The G1 phase of the cell cycle is marked by the rapid turnover of phospholipids. This turnover is regulated by CTP:phosphocholine-cytidylyltransferase (CCT) and group VIA Ca2+-independent-phospholipase A2 (iPLA2). We previously reported that inhibition of iPLA2 arrests cells in G1 phase of the cell cycle by activating the p53-p21 checkpoint. Here we further characterize the mechanism of p53 activation. We show that specific inhibition of iPLA2 induces a time dependent phosphorylation of Ser15 in p53 in the absence of DNA damage. This phosphorylation requires the kinase ataxia-telangiectasia and Rad-3-related (ATR) but not the ataxia-telangiectasia-mutated (ATM) kinase. Moreover, we identify in cell membranes a significant increase of phosphatidylcholines (PCs) containing chains of polyunsaturated fatty acids and a decrease of PCs containing saturated fatty acids in response to inhibition of iPLA2. The time course of phosphorylation of Ser15 in p53 correlates with increasing levels of PCs containing polyunsaturated fatty acids. We further demonstrate that the PCs with linoleic acid in their sn-2 position (18:2n6) induce phosphorylation of Ser15 in p53 in an ATR-dependent manner. Our findings establish that cells can regulate the levels of polyunsaturated fatty acids in phospholipids through iPLA2-mediated deacylation of PCs. Disruption of this regulation increases the proportions of PCs containing polyunsaturated fatty acids and activates the ATR-p53 signalling pathway.
- Group VIA Ca2+-independent phospholipase A2 (iPLA2)
- Phospholipid turnover
- Polyunsaturated fatty acids
- Phosphorylation of p53
- Ataxia-telangiectasia-mutated (ATM) kinase
- Ataxia-telangiectasia and Rad-3-related (ATR) kinase
Cellular membranes in mammalian cells are dynamic and fluid structures that undergo dramatic structural and functional changes during the cell cycle, including the complete breakdown and reformation of the nuclear envelope and the fragmentation and stack reformation of the Golgi membrane (Burke and Ellenberg, 2002; Colanzi et al., 2003). Phosphatidylcholines (PCs) are a main component of cellular membrane phospholipids and their metabolism varies throughout the cell cycle (Jackowski, 1996; Lykidis and Jackowski, 2001). Cells in G1 rapidly synthesize and degrade PCs, while still maintaining a constant total membrane phospholipid mass (Jackowski, 1994). By contrast, PC turnover ceases in S phase to allow the cells to double their membrane-phospholipid content in preparation for cell division. Finally, even though cellular membranes are undergoing dramatic structural changes in G2 and M, the synthesis and degradation of membrane phospholipid components are at their lowest at this point in the cell cycle (Jackowski, 1994; Jackowski, 1996).
Although it is not clear why mammalian cells experience such a rapid phospholipid turnover during G1, it has become evident that this process is regulated through the coordination of the opposing actions of CTP:phosphocholine cytidylyltransferase (CCT) and the group VIA Ca2+-independent-phospholipase A2 (iPLA2, also known as iPLA2β) (Baburina and Jackowski, 1999; Barbour et al., 1999). iPLA2 hydrolyzes the sn-2 fatty-acyl bond of phospholipids to liberate free fatty acids and lysophospholipids (Ma and Turk, 2001). Because the sn-2 of phospholipids are preferentially linked to polyunsaturated fatty acids, it is possible that this reaction is important to regulate the ratio of saturated to unsaturated hydrocarbon chains in the phospholipids and to control the fluidity of cellular membranes.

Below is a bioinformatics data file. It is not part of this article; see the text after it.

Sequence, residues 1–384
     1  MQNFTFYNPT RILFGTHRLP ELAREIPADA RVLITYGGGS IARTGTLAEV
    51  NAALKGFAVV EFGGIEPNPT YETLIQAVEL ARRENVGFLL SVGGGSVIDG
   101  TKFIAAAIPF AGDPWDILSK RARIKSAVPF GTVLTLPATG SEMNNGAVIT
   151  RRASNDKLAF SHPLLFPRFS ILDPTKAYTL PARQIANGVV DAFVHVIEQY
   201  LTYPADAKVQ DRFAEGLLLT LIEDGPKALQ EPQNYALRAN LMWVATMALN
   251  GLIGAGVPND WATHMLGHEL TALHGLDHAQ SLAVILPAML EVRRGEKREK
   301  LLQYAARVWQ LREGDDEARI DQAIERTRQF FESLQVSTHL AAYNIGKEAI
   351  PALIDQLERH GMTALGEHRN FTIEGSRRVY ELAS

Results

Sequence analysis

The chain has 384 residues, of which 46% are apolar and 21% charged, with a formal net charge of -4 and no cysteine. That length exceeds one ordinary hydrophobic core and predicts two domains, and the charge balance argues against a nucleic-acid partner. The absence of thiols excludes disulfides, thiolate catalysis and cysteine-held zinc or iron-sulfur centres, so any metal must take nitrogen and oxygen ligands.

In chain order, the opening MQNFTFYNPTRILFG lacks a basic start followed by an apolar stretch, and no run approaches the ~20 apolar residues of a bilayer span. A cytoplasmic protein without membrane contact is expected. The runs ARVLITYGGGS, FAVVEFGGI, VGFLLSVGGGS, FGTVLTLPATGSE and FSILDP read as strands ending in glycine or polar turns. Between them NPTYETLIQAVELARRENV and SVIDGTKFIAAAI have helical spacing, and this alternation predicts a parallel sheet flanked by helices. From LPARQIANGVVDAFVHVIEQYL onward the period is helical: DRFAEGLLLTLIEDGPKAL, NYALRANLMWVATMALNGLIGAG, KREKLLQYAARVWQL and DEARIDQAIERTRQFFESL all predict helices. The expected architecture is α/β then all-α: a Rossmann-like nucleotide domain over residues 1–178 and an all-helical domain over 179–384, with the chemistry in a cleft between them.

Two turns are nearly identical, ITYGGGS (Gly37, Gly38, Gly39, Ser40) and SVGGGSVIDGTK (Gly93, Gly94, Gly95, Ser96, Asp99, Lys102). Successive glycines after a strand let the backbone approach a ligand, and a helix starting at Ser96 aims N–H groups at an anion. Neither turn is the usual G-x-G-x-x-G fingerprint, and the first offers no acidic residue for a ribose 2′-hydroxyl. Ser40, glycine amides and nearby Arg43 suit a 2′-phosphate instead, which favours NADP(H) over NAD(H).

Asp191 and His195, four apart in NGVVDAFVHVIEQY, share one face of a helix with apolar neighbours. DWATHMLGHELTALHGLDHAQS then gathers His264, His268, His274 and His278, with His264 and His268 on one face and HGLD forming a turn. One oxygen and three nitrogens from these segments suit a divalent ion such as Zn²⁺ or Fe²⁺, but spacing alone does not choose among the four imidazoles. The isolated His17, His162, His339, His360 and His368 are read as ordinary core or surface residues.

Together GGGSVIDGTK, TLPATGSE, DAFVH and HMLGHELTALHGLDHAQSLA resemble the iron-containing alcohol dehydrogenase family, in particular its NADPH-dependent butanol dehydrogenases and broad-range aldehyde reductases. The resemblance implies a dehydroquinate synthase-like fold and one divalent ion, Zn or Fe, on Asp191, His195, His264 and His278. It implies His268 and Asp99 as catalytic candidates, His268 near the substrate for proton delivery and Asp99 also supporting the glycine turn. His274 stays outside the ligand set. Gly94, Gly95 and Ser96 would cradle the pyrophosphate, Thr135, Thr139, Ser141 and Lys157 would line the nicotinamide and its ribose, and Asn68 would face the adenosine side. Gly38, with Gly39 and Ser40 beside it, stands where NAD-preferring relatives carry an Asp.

We previously found that inhibiting iPLA2 disrupts this phospholipid turnover and induces a p53-dependent cell-cycle arrest in G1 (Zhang et al., 2006). Our finding suggests that, not only is G1 phospholipid turnover a programmed cellular event required for S-phase entry but also the progress of this turnover is monitored by a p53-dependent checkpoint. Activation of p53 to prevent cells from inappropriately entering the S phase of the cell cycle may be one way cellular membranes regulate DNA replication.
The p53 pathway coordinates DNA repair, cell-cycle arrest, apoptosis and senescence to preserve genomic stability and prevent tumor formation in response to cellular insults (Campisi, 2005; Vogelstein et al., 2000). p53 levels are tightly controlled in unstressed mammalian cells through a continuous cycle of ubiquitylation and degradation by the 26S proteasome, regulated primarily through the interaction of p53 with the ring-finger ubiquitin E3 ligase MDM2 (Yang et al., 2004). Whereas most studies on p53 have focused on its role in preserving genomic stability (Bode and Dong, 2004), recent work suggests that p53 might also be important for the glucose-availability cell cycle checkpoint (Jones et al., 2005), for energy control and metabolism (Bensaad et al., 2006; Matoba et al., 2006) and for G1 phospholipid homeostasis (Zhang et al., 2006).
Post-translational modifications of p53, including phosphorylation and acetylation, are common ways to activate p53 in response to DNA damage (Bode and Dong, 2004; Gu et al., 2004). In this study we investigate how p53 is activated in response to the perturbation of phospholipid homeostasis. We used lipidomic analysis to determine whether and how phospholipid profiles change after iPLA2 inhibition. We found that iPLA2 inhibition induces the phosphorylation of p53 at Ser15 (hereafter referred to as p53S15) in an ATR-dependent manner. Furthermore, we identified a significant increase in PCs containing polyunsaturated fatty acids and a decrease in PCs containing saturated fatty acids in cell membranes following iPLA2 inhibition. We propose that iPLA2 regulates cell membrane fluidity by controlling the levels of polyunsaturated fatty acids in PCs and that an increase of the ratio of polyunsaturated to saturated fatty acids in PCs activates ATR.
Inhibition of iPLA2 induces the rapid phosphorylation of p53 at Ser15